Ticket Office Clerk jailed for £280k Fraud

A man from London abused his position as a ticket office clerk in order to fraudulently siphon almost £280,000 from his employer.

Ticket Office Clerk jailed for £280k Fraud f

“Rahman’s criminality spanned more than a year"

Mohammed Rahman, aged 29, of London, was jailed for three years after he abused his position as a ticket office clerk in order to carry out a fraud operation worth nearly £280,000.

Inner London Crown Court heard his crimes were committed over a 13-month period between September 2017 and November 2018.

While working for Govia Thameslink Railway as a ticket office clerk at Cricklewood station, Rahman hacked the rail company’s computer system for personal financial gain.

Rahman conducted sophisticated manual overrides in order to get around the ticket machine’s safeguarding measures, taking advantage of his specialist training.

This confused the system to produce replacement tickets, even though there was no original ticket or customer that required a replacement.

As a result of his fraudulent activity, Rahman caused £277,000 of revenue loss to Govia Thameslink Railway, his employers at the time.

The ticket office clerk was monitored on CCTV operating the cash register with no customers present at the service window.

This happened five times on August 31, 2018, and the time of his activity corresponded to a list of fraudulent transactions.

A review of the ticket office’s activity took place to identify the full extent of the fraud. This led to £277,000 worth of activity being uncovered.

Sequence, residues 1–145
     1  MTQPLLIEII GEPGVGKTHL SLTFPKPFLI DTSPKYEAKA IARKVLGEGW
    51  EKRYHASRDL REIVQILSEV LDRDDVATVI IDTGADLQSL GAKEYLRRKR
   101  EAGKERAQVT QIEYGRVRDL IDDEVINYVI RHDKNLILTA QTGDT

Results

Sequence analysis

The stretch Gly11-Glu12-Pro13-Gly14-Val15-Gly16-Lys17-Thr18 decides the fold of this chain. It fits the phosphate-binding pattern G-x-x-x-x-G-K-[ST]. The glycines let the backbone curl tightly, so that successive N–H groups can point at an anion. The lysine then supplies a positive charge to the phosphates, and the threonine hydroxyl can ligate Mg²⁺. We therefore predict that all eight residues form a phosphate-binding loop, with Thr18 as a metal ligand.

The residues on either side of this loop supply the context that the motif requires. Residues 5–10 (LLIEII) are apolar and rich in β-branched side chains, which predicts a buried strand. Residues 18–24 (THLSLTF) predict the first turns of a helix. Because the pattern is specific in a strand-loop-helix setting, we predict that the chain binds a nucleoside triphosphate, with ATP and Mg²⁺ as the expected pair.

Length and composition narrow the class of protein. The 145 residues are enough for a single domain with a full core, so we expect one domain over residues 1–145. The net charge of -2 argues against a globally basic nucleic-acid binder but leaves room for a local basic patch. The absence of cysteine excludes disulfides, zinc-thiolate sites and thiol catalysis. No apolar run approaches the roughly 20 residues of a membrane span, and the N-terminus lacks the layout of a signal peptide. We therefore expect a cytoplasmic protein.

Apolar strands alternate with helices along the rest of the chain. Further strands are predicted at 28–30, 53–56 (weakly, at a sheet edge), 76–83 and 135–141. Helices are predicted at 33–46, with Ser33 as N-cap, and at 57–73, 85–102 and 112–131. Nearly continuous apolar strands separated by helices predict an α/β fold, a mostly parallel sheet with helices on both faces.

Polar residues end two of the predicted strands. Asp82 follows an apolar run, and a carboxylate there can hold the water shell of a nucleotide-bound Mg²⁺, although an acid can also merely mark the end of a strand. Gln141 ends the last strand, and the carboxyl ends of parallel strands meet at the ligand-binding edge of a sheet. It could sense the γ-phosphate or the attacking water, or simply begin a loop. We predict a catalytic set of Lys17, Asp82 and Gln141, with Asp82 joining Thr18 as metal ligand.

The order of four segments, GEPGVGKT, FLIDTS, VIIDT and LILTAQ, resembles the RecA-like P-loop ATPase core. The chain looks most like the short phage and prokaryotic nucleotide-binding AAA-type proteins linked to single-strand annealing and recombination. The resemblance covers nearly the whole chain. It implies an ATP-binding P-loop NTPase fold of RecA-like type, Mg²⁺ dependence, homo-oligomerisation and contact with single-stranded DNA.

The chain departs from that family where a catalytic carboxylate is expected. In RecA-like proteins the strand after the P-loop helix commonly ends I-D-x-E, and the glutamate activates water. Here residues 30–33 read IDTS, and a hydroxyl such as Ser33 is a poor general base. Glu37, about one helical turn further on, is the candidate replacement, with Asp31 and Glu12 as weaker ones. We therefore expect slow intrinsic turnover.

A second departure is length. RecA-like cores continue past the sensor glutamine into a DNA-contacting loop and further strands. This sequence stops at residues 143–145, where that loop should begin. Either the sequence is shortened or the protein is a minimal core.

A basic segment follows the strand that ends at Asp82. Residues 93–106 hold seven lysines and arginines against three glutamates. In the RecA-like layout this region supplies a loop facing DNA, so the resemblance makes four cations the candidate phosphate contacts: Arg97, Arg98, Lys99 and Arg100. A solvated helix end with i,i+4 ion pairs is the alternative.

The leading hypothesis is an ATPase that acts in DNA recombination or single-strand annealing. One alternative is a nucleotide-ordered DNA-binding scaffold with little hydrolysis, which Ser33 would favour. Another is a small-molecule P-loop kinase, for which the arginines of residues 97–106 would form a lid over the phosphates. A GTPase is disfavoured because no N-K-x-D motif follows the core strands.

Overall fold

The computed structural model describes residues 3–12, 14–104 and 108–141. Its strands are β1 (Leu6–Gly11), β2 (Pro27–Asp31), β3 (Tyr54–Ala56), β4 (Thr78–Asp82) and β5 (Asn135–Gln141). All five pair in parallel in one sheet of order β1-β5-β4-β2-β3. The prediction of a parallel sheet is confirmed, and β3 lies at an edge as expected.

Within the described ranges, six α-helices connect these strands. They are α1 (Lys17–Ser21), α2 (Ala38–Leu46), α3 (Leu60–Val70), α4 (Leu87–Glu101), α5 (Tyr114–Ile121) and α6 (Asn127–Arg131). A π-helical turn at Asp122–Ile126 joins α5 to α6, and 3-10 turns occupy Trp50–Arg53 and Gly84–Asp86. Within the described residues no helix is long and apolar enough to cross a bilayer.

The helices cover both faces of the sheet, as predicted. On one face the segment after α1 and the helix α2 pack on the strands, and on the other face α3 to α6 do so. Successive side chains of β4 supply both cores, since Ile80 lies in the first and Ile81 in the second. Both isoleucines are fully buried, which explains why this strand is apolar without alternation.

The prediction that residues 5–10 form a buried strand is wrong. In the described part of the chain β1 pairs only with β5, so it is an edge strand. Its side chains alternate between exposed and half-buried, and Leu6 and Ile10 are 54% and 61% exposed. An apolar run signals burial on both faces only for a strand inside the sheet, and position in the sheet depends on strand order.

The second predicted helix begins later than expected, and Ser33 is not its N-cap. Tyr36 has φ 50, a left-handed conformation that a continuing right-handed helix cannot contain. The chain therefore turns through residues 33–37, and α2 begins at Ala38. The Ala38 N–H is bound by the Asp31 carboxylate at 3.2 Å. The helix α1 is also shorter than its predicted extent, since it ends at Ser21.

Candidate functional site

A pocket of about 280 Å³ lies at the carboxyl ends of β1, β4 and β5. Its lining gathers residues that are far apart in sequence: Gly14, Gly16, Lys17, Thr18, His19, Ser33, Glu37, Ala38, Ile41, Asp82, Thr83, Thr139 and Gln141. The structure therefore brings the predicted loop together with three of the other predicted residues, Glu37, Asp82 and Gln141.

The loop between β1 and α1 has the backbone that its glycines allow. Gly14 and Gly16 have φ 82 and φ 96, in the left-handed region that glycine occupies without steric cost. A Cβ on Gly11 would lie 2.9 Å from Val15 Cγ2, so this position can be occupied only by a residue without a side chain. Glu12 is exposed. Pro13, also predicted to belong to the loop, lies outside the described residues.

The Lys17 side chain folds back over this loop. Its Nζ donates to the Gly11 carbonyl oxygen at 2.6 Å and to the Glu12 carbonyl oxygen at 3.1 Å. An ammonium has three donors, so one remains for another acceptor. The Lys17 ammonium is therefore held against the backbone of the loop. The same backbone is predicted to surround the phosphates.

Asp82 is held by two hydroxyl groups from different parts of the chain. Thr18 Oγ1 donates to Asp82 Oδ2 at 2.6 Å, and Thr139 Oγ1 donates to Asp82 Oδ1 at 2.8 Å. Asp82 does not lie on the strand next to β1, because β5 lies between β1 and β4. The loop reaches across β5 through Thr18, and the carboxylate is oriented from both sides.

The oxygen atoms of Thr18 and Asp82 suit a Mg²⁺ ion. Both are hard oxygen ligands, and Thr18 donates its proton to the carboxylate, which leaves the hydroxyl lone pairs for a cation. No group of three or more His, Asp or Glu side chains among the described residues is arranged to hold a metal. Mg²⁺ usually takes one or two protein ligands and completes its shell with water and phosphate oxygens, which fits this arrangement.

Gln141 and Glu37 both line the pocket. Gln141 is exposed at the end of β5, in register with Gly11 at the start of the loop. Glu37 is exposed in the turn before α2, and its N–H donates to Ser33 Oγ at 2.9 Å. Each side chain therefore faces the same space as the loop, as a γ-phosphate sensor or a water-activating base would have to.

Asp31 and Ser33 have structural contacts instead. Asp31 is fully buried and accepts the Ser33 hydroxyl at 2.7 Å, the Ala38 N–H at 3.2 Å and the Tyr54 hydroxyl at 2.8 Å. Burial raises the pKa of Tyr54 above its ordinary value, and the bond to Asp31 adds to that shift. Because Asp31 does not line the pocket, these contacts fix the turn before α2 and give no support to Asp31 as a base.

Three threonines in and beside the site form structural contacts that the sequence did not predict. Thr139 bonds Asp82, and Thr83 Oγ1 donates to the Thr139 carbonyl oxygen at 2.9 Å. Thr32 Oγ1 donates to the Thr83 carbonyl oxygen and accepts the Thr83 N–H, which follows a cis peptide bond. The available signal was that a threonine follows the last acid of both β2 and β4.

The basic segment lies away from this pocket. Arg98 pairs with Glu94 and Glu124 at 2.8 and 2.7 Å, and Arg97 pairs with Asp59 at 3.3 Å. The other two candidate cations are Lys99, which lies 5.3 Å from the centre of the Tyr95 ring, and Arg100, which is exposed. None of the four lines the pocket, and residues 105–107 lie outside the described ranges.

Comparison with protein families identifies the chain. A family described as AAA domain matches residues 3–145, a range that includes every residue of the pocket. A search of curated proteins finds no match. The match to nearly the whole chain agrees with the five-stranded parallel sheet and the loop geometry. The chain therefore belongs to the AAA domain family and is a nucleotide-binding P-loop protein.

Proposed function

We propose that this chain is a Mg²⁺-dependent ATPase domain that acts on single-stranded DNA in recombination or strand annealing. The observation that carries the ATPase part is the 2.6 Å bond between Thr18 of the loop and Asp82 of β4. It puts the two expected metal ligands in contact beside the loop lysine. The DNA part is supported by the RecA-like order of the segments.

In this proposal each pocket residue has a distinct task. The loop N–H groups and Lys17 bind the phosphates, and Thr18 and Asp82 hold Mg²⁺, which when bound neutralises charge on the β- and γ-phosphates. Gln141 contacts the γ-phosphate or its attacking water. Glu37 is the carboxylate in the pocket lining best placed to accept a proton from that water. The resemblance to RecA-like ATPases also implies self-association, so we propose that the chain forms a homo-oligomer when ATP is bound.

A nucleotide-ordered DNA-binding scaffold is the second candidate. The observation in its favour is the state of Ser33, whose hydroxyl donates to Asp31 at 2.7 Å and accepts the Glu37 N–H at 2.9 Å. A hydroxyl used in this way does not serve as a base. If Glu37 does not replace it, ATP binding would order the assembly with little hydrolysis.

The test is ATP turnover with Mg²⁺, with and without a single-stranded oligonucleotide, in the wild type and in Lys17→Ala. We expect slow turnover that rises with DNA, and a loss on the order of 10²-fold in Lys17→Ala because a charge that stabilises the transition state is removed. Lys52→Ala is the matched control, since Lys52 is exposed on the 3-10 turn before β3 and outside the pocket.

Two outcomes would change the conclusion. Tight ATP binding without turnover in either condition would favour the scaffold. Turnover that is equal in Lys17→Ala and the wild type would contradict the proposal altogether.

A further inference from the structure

Rahman was interviewed by British Transport Police (BTP), however, he responded “no comment” to all questions asked. The matter was then put to proof.

The investigation led to Rahman’s arrest. He was subsequently charged for fraud by abuse of position.

On August 26, 2020, at Westminster Magistrates’ Court, Rahman pleaded guilty to the charge.

BTP Sergeant, Tarrick Patrick, said: “Rahman’s criminality spanned more than a year and resulted in significant financial loss for Govia Thameslink Railway.

“He used his position of trust to hack his employer’s system and steal £277,000 worth of tickets in a shameless act of fraud – greedily getting ever-more emboldened as time went on.

“This boldness ultimately led to Rahman coming to notice and being the author of his own demise.”

“The sentence passed by the court is reflective of the trust Rahman abused and the revenue lost by Govia Thameslink Railway.

“This was a complex investigation that pulled on a number of specialist departments, namely the financial investigation unit, and I would like to say thank you to all involved in bringing this case to court.”

On November 9, 2020, Rahman was sentenced to three years in prison. He was also required to pay a victim surcharge of £170.

Dhiren is a journalism graduate with a passion for gaming, watching films and sports. He also enjoys cooking from time to time. His motto is to “Live life one day at a time.”